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Daylight Savings Time... all year long.

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Sep 15, 2019 - 7:33:25 PM

donc

Canada

6009 posts since 2/9/2010

British Columbia had a vote and 93% have preferred to stay on Pacific daylight time. [On the world clock that would be Greenwich -9.] The government says its a done deal but they are now waiting on Washington and California who are waiting to do the same. For the U.S states they have to get approval from Congress which is suppose to happen in a few months. I don't know if they face any opposition or not at a federal level. I don't think its a bad idea but I don't like the idea of small children walking to school in the dark. On December 21st the sun rises at 9:05 a.m. in Vancouver if it is on daylight savings time. . Do any U.S. states now have daylight time all year long ?

Edited by - donc on 09/15/2019 20:04:30

Sep 15, 2019 - 7:48:52 PM
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Owen

Canada

4089 posts since 6/5/2011

Don, I don't see that it makes any diff whether it's to, or from school in the dark.... and latitude and the availability of artificial light are factors, also.   For me,  there is but one significant issue:  time for summer evening recreation... so year 'round DST it is!      YMMV.

P.S. Chuck.... any leads on suppliers of pemmican?... I've checked the surrounding reserves and nada, zilch.

Sep 15, 2019 - 8:01:21 PM

donc

Canada

6009 posts since 2/9/2010

Good point Owen. I've only known the early sunset method. Driving home when everyone is more fatigued may be a good time for more light. On standard time December 23 sunrise is at 8:05 and sunset is at 5:16.

Edited by - donc on 09/15/2019 20:01:55

Sep 15, 2019 - 8:07:24 PM

Bill Rogers (Moderator)

USA

22312 posts since 6/25/2005

As Owen notes, there are only so many daylight hours—however you slice it. When I was in elementary school in Oklahoma (1952-56), we started at 9 a.m. and finished at 4 p.m. No walking in the dark. Worked just fine. And being Oklahoma in the 50s, there were after-school inter-school sports too.

Sep 15, 2019 - 8:19:26 PM
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chuckv97

Canada

43497 posts since 10/5/2013
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Arizona doesn’t change to DST, they stay on standard, but at that latitude , attitudes are “it don’t matter”.

Edited by - chuckv97 on 09/15/2019 20:19:48

Sep 15, 2019 - 8:24:56 PM
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chuckv97

Canada

43497 posts since 10/5/2013
Online Now

quote:
Originally posted by Owen

Don, I don't see that it makes any diff whether it's to, or from school in the dark.... and latitude and the availability of artificial light are factors, also.   For me,  there is but one significant issue:  time for summer evening recreation... so year 'round DST it is!      YMMV.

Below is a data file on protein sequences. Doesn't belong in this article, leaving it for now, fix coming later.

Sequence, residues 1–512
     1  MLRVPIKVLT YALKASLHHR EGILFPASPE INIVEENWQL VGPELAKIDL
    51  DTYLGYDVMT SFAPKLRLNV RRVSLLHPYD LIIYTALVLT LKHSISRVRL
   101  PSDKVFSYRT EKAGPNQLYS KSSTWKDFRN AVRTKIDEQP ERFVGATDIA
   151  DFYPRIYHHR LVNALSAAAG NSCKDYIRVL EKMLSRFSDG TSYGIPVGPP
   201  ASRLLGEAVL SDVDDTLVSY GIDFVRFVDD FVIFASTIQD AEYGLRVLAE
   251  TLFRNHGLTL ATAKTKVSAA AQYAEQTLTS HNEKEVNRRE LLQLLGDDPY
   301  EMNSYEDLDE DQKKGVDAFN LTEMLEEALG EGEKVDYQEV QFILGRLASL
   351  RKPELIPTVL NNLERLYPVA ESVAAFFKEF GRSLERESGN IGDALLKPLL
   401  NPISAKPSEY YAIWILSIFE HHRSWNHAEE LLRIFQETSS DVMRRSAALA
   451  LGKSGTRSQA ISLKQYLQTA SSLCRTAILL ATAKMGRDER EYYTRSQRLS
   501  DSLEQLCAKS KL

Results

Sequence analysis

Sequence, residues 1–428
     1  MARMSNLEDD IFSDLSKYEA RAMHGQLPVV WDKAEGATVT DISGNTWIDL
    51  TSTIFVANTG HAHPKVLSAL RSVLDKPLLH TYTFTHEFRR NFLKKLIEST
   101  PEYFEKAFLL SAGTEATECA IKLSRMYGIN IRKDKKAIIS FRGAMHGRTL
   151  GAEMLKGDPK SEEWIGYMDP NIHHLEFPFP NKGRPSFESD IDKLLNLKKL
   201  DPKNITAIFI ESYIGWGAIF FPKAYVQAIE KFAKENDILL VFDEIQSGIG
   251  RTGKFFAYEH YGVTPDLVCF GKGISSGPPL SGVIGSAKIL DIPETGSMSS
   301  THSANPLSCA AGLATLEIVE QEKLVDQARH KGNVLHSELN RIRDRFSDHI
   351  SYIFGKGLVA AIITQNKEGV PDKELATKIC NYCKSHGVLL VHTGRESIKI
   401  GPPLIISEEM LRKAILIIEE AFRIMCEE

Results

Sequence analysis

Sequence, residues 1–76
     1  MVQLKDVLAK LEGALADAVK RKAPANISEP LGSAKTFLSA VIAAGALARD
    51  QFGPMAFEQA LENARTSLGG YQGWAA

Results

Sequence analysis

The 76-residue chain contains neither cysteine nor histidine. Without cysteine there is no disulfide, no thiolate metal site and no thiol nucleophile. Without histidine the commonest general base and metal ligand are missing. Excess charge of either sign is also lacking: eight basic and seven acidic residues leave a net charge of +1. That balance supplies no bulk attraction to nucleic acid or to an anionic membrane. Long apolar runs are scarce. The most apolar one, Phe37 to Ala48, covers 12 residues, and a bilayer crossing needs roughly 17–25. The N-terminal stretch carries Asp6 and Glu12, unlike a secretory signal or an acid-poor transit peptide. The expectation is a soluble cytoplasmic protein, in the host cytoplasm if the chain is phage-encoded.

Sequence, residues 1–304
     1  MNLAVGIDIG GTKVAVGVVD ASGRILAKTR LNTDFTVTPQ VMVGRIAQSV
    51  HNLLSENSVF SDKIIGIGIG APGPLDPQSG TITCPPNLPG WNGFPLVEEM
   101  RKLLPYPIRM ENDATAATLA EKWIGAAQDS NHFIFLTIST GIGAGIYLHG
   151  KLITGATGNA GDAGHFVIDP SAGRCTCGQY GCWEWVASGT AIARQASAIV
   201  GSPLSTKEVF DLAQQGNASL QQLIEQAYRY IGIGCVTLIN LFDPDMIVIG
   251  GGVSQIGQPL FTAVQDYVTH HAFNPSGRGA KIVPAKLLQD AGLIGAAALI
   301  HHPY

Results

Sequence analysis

P.S. Chuck.... any leads on suppliers of pemmican?... I've checked the surrounding reserves and nada, zilch.


Not sure if any Cree or Blackfoot are part of this outfit, but here - you can stock up for dugout vittles




Sep 15, 2019 - 8:39:49 PM

4189 posts since 8/3/2012

donc
--Do any U.S. states now have daylight time all year long ?

Two states in the US remain on standard time year-round. Hawaii and Arizona (except on Navajo tribal land).
None that I am aware of have year-round DST at this time.

Were it my choice, I would stay on standard time. With DST, the sun sets here around 8:30 in the summer.

Sep 16, 2019 - 12:00:38 AM
Players Union Member

Brian T

Canada

15674 posts since 6/5/2008

If we went to UTC-9 for the whole year, people would get used to it.
Just as we appear to tolerate the timing system we have now.

Parents will still be driving kids to and from school,
it's going to be dark at 53N where I live and the dang big cats never hibernate.

Lets us just set it and forget it and move on.

Sep 16, 2019 - 1:37:23 AM

Paul R

Canada

11637 posts since 1/28/2010

Don't like DST? Move to Saskatchewan. frown

Sep 16, 2019 - 3:44:07 AM
Players Union Member

OM45GE

USA

89158 posts since 11/7/2007

Here in New England they’re discussing moving to Atlantic time and not changing to and from DST. I’m in favor but doubt it will happen in my lifetime

Sep 16, 2019 - 4:05:59 AM
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17 posts since 9/23/2018

Changing the clock by one hour twice a year causes human brain systems shock and is very much like 'jet-lag'. To alleviate this problem I suggest that instead the clock should be changed in 15 minute increments every two weeks over an eight week period. This will greatly ease the anxiety caused by the massive one hour upheaval.

Sep 16, 2019 - 4:38:48 AM
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Texasbanjo (Moderator)

USA

23287 posts since 8/3/2003

I have never liked DST, never saw a real good reason for it. Oh, yes, it's nice in the summertime to have more hours of sunlight but really, does an hour more of sunlight really make that much difference? I don't think so.

We managed for hundreds of years on central daylight time and had no problems with it. My opinion: we should go back to that and forget the spring forward, fall back stuff.

Just my 2 cents worth.

Sep 16, 2019 - 6:26:40 AM
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Lynne (Moderator)

USA

4951 posts since 3/3/2003

Not changing the clocks was the best part of moving to Arizona.
If you have animals they want to eat when the sun comes up, it doesn't matter
what time it is.

Sep 16, 2019 - 6:40:37 AM
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Players Union Member

DC5

USA

7169 posts since 6/30/2015

Then again, we could go to universal time, GMT all over the world. In less than a generation everyone would get use to it. We no longer use sundials as the primary clock, so the concept of Noon is archaic.